Now these two categories, the misnagdim and the people with the lusts, still have hope of being refined, through the whip and the bridle strap. On the other hand, the “fools,” meaning the accursed maskilim (may their name be erased) have no hope of refinement. They are like an earthenware utensil that has absorbed something non-kosher. There is no way of repairing such a utensil except to break it. This also applies to the maskilim, who have been poisoned by the venom of heresy. There is no way to repair this; only breaking them and removing them from this world will repair this. This is the “stick,” a staff made from a strong wooden branch, for the back of these fools. They must be beaten and expelled from the midst of the Jewish nation.

[This Ends Reb Nachman’s speech. Shimon’s report now continues]:

The chassidim began to sing. But my blood began to boil, and my heart burst at hearing the words of Reb Nachman.

For a moment, my impulse was to stand up and do battle with them. I would shower them with sayings that are the opposite of their teachings, and with statements of the philosophers that totally disprove their fantasies of a G‑d in Heaven who creates and rules the world. I assumed that they were intellectually weak, and would be unable to debate me rationally. I imagined that even religious philosophy such as Moreh Nevuchim19 and Kuzari20 were foreign to them. But I immediately changed my mind, remembering that my most important mission here was to gain first-hand knowledge of this company of our mortal enemies. Thus, I overcame my impulse and forced myself to remain silent. Instead, I bent my ear to listen to every word that escaped the mouths of these ignorant folk, and to scrutinize carefully their way of life and their customs. When they finished singing, Reb Nachman resumed speaking:

“We beat the horses among us according to the first way, informing them that they are horses. We lack the skill to follow the second way,21 because we do not adequately engage in Torah study and avodah of the heart. On the other hand, the chassidim of Shklov do occupy themselves with diligent study of Chassidus, and with the avodah of praying at length. Especially, Reb Pinchas Reizes, of whom the Alter Rebbe says that he is ‘a cemented cistern that does not lose a drop’;22 and Reb Binyamin Kletzker, of whom the Alter Rebbe says that he is dedicated to public service, and very incisive. Their avodah is of the second kind, for they can extricate horses from their horse-like natures.”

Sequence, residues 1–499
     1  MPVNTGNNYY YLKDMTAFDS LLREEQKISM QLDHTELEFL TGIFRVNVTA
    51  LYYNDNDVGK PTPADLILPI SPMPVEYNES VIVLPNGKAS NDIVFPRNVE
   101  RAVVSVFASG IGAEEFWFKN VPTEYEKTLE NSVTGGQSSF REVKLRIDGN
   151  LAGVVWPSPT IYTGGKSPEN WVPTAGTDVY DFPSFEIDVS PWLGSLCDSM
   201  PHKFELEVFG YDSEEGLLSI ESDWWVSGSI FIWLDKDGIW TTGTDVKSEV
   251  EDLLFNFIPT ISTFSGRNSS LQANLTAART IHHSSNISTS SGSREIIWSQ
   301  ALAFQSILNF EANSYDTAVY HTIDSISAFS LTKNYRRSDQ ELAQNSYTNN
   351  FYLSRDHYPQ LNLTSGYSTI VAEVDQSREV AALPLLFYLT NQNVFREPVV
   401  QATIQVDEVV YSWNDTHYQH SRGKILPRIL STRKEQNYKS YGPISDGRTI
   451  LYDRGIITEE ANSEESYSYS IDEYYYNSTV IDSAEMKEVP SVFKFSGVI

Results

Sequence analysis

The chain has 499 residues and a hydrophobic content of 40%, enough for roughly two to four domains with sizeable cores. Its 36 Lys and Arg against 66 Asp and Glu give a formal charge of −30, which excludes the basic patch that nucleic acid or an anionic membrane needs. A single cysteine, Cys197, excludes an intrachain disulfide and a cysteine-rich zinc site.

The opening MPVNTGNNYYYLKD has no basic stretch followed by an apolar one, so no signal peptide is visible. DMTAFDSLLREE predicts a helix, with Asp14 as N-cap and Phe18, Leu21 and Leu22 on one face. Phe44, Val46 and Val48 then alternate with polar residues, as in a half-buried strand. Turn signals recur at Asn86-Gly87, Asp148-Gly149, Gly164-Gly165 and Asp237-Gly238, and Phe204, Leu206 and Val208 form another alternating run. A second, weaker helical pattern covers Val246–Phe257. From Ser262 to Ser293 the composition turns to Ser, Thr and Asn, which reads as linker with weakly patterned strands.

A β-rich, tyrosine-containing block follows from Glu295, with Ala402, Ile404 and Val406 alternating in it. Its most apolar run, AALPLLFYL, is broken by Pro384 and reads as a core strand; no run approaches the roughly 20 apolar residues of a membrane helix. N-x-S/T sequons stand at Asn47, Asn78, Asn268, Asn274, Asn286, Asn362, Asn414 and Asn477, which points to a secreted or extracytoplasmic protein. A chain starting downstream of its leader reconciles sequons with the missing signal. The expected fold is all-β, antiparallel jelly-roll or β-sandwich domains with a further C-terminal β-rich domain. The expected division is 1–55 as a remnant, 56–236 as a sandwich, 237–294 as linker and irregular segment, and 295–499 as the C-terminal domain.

Reb Nachman then delivered a lengthy dissertation on how one evolves from being a misnaged to being one who indulges in pleasures. He reported several incidents, some of which are undoubtedly lies, the result of the chassidim’s overactive imaginations. Some of them were quite comical, causing us all to laugh so hard that our faces became wet. Even those who told the stories admitted that they were meant to ridicule; indeed, the rule is that all jesting speech is forbidden, except that which mocks idol worship. Then, they drank LeChayim again, and resumed their singing. I must admit that their niggunim captured the heart.

When the niggun ended, Reb Nachman turned to one of the company and said, “Peretz, give us your yarmulke.” Raising his hat and removing the yarmulke from his head, Reb Peretz set it upside-down on the table.

Reb Nachman next turned to another member of the company and said, “Betzalel Chayim, you write the list.” Turning to one of the young scholars, he said, “Eliyah Moshe, bring paper and ink.”

He then turned to Reb Betzalel Chayim again, saying, “Be careful to write clearly, with no extraneous thoughts while writing. This list will be sent in to the most holy chamber, to be read by the Holy of Holies, our Lord, Master, and Rebbe.”